International Centre for Olympic Studies

Books by ICOS Scholars

Tarnished Rings: The IOC and the Salt Lake City Scandal

Stephen Wenn, Robert K. Barney & Scott Martyn

In Tarnished Rings, Wenn, Barney and Martyn examine the fascinating story of the bid scandal surrounding the 2002 Olympic Winter Games. They explore its genesis and chart the IOC’s efforts to bring stability to its operations. Based on extensive research and unparalleled access to primary source material, the authors offer a behind-the-scenes account of the politics surrounding the IOC and the bidding process. This in-depth examination of a critical episode in Olympic history and the presidency of Juan Antonio Samaranch, who brought sweeping change to the Olympic Movement in the 1980s and 1990s, offers valuable lessons for those interested in the IOC, the Olympic Movement, and the broader concepts of leadership and crisis management.

Rethinking The Olympics: Cultural Histories of the Modern Games

Robert K. Barney (ed.)

This anthology of essays previously published in Olympika. The International Journal of Olympic Studies, addresses key themes in the scholarly study of the Games. Part I presents seven articles devoted to Olympic history: the Games' legacy from antiquity, their modern evolution, and the most controversial Games of the modern era, the Berlin Games of 1936. Part II deals with the persistent problems and crises that confounded and defined the Olympic Games over time. The nine essays in this section focus on a variety of issues such as: performance enhancement; the rise of commercialism; enduring controversies in the form of leadership, corruption, and the Cold War; and the politics of hosting Olympic Games. Finally, in Part III, the future of the Olympic Movement is addressed from the perspective of the rapidly accelerating and mushrooming processes of globalization.

Global Olympics: Historical and Sociological Studies of the Modern Games

Kevin Young & Kevin Wamsley (eds.)

The Olympic Games have become a subject of major importance to students, academics, sports bodies, politicians, urban planners, and the public at large. The Olympic Rings are among the most recognised symbols in the world, and there are few other cultural phenomena that attract such a significant following in the popular media or such widespread support among the nations of the world. "Global Olympics: Historical and Sociological Studies of the Modern Games" draws together some of the world's leading scholars on critical issues emerging from ancient Olympic contests, and over one hundred years of modern Olympic history. A wide range of expertise permits the authors to address these issues from varied perspectives, while encompassing an in-depth assessment of the current literature and debates on the Olympics. This book will serve as an interdisciplinary resource for undergraduate and graduate students alike, as well as for the growing cohort of researchers interested in understanding and explaining the historical and sociological significance of the Games.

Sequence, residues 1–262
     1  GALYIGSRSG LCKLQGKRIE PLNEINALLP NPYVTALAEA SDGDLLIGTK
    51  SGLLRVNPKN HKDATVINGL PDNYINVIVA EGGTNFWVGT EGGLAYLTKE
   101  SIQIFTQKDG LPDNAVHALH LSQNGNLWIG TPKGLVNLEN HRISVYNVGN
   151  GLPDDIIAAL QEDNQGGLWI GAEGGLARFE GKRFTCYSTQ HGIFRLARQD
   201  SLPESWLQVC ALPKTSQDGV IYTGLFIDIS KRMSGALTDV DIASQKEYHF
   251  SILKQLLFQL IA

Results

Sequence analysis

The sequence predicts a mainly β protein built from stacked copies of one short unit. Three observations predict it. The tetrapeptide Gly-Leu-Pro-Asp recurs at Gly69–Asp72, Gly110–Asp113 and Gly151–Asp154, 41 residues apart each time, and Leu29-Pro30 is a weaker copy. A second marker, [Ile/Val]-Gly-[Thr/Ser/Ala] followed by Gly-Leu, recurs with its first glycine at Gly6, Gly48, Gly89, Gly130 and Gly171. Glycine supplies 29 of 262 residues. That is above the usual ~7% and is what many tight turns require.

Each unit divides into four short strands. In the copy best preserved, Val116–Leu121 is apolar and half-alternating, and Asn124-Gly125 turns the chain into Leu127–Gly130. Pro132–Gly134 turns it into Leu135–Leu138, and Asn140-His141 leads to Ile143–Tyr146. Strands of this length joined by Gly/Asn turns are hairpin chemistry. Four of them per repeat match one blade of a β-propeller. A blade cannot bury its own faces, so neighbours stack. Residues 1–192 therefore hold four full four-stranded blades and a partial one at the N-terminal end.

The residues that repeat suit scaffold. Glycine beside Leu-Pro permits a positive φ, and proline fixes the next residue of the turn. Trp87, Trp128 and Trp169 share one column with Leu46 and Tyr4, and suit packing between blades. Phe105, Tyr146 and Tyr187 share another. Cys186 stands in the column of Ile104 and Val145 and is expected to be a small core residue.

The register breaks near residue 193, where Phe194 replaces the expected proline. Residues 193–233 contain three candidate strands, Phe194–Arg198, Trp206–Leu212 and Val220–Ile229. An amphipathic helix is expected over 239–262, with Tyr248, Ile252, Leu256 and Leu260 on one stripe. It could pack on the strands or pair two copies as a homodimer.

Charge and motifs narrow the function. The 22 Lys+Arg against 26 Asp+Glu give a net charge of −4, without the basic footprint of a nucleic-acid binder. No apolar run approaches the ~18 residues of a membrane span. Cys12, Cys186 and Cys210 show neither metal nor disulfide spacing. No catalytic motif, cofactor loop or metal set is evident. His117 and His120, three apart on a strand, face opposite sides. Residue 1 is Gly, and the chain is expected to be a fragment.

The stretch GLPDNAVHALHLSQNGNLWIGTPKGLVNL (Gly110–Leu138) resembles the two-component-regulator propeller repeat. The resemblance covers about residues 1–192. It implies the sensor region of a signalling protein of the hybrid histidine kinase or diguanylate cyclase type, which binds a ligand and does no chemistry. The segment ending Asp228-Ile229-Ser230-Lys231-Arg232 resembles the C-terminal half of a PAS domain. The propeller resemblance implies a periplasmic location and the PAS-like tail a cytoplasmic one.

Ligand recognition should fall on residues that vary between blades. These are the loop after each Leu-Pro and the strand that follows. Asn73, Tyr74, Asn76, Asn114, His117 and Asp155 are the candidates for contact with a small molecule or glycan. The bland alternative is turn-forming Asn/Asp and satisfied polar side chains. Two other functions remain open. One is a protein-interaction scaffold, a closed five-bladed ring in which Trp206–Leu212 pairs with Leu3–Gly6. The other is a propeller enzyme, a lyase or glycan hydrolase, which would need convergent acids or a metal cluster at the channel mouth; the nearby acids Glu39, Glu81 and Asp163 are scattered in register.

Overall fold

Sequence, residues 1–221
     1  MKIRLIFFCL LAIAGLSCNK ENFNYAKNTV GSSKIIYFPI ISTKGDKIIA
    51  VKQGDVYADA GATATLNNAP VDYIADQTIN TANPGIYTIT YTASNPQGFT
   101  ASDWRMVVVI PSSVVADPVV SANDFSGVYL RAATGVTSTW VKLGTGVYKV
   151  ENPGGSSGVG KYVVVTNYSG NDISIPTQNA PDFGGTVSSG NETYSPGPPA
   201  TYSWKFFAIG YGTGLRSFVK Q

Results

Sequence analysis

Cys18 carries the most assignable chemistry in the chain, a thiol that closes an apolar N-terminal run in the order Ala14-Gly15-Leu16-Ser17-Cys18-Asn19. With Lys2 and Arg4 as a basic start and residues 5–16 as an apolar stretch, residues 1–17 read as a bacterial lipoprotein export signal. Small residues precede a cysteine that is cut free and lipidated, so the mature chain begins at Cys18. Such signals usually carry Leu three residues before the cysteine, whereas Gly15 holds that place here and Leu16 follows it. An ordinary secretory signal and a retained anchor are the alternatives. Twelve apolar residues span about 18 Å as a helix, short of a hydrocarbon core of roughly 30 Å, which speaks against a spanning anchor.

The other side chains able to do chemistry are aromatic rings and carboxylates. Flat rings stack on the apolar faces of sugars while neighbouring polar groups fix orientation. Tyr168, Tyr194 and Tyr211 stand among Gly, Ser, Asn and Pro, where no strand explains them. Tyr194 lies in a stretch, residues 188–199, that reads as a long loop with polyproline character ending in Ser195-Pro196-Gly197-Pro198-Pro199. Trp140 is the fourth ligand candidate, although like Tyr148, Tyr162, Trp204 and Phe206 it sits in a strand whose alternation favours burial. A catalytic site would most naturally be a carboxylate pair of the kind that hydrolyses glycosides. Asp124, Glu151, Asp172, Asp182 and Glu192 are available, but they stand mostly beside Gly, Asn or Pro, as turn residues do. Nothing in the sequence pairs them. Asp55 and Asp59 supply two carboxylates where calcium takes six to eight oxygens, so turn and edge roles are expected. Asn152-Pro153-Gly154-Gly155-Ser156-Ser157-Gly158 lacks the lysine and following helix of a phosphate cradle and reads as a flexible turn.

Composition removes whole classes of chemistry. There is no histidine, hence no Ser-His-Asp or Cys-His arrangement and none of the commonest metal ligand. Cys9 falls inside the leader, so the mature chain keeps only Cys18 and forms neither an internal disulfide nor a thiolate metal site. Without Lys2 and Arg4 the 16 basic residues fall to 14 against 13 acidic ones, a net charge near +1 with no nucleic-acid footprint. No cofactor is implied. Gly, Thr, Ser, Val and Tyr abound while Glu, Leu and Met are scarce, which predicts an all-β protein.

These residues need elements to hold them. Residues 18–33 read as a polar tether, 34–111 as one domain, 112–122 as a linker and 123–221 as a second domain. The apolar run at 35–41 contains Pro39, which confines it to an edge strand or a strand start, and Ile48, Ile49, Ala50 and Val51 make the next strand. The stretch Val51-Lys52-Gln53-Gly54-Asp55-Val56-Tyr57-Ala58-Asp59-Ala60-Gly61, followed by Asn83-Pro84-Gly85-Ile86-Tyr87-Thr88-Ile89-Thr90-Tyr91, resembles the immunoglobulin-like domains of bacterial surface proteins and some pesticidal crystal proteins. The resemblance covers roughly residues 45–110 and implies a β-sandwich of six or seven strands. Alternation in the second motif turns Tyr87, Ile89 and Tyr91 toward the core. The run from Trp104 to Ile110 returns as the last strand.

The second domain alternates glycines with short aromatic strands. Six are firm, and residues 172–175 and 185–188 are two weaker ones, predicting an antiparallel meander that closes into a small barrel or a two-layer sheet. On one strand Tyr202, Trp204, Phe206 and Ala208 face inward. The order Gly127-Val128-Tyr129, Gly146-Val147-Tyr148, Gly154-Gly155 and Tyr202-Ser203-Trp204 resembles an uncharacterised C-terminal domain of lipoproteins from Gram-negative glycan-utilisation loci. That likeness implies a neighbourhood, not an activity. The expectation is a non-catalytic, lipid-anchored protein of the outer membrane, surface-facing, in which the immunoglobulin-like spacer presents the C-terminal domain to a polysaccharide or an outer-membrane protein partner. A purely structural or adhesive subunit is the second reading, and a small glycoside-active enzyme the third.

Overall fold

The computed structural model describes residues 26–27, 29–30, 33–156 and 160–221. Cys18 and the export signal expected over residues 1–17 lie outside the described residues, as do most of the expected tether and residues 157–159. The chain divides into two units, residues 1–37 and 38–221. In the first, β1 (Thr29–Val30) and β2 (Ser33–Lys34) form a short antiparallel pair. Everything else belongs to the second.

Selling The Five Rings: The IOC and the Rise of Olympic Commercialism

Robert K. Barney, Stephen Wenn & Scott Martyn

The original scheme for the modern Olympic Games was hatched at an international sports conference at the Sorbonne in June 1894. At the time, few provisions were made for the financial underwriting of the project—providence and the beneficence of host cities would somehow take care of the costs. For much of the first century of modern Olympic history, this was the case, until the advent of television and corporate sponsorship transformed that idealism. Now, linking with the five-ring logo is good business. Advertising during the Olympic Games guarantees a global audience unmatched in size by any other sports audience in the world. However, if the image begins to tarnish and the corporate sector loses interest, television companies can’t sell advertising to business interests. This was the greatest threat posed by the scandal surrounding Salt Lake City’s bid. Selling the Five Rings outlines the rise of the Olympic movement from an envisioned instrument of peace and brotherhood, to a transnational commercial giant of imposing power and influence. Using primary source documents such as minutes of the IOC General Sessions, minutes and reports of various IOC sub-committees and commissions concerned with finance, reports of key marketing agencies, and the letters and memoranda written to and by the major figures in Olympic history, the authors track the history of a fascinating global institution.